Why are some markets monopoly-like while
others are competitive?
How can industry performance and
structure be measured or analyzed?
How does the performance of individual
firms affect the structure and performance of
the industry in which they operate?
If industry performance seems deficient but
remediable, which government policies are
likely to help more than they cost?
The Structure-Conduct-Performance Paradigm:
Basic Conditions: factors which shape the market of the industry,
e.g. demand, supply, political factors
Structure: attributes which give definition to the supply-side of
the market, e.g. economies of scale, barriers to entry, industry
concentration, product differentiation, vertical integration.
Conduct: the behavior of firms in the market, e.g. pricing
behavior advertising, innovation.
Performance: a judgement about the results of market behaviour,
e.g. efficiency, profitability, fairness/income distribution,
economic growth.
How can the government improve the performance in an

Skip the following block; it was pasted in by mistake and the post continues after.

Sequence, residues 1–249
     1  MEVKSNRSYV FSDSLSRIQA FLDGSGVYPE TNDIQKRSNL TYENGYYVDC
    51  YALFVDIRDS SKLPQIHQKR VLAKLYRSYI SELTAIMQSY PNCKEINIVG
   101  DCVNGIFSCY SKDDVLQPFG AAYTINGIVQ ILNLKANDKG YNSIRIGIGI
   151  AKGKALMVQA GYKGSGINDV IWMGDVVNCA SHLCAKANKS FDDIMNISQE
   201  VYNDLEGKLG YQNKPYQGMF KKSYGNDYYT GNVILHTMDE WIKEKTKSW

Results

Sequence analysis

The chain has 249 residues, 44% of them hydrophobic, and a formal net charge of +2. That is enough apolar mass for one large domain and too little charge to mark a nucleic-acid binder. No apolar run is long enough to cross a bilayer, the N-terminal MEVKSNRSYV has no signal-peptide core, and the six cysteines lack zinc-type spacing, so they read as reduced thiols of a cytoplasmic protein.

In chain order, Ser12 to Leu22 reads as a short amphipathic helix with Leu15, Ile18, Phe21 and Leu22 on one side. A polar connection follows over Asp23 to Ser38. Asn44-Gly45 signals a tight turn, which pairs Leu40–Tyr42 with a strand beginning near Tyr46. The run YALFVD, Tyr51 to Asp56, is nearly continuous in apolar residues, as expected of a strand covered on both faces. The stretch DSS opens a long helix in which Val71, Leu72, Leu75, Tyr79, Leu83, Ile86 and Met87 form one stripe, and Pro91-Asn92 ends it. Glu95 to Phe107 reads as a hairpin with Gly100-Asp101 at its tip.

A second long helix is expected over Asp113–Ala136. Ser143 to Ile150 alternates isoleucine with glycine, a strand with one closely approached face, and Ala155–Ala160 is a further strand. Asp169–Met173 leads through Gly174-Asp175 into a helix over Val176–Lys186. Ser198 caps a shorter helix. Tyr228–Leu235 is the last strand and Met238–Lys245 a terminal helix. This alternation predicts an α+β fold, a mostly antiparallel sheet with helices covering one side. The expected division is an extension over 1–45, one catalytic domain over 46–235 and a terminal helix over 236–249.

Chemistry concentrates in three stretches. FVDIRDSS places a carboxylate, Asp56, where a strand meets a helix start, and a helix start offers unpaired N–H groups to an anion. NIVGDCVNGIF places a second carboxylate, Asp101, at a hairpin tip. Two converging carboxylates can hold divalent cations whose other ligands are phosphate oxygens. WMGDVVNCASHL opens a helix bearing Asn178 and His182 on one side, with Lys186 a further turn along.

Basic Conditions

Structure Government



Links between Managerial Economics
and Management Science
Managerial economics: is often concerned with finding
optimal solutions to decision problems.However, the
primary purpose of using models is to predict how firms
will behave, not to advise them what ought to do.
Managers are assumed to find the optimal solutions for
themselves and that is how predictions are made.
Management science: is essentially concerned with
techniques for the improvement of decision-making and
hence it is essentially normative;firms are not assumed to
find the optimal solutions for themselves. They are found
by the researchers who then present them as prescriptions
for what the firm should do.